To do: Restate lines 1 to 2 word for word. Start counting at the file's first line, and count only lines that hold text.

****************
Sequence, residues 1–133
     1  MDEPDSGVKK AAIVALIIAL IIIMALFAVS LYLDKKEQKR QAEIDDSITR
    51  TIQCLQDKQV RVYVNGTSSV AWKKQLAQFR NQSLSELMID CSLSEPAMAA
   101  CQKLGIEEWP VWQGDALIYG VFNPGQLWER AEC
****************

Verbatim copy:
Sequence, residues 1–133
     1  MDEPDSGVKK AAIVALIIAL IIIMALFAVS LYLDKKEQKR QAEIDDSITR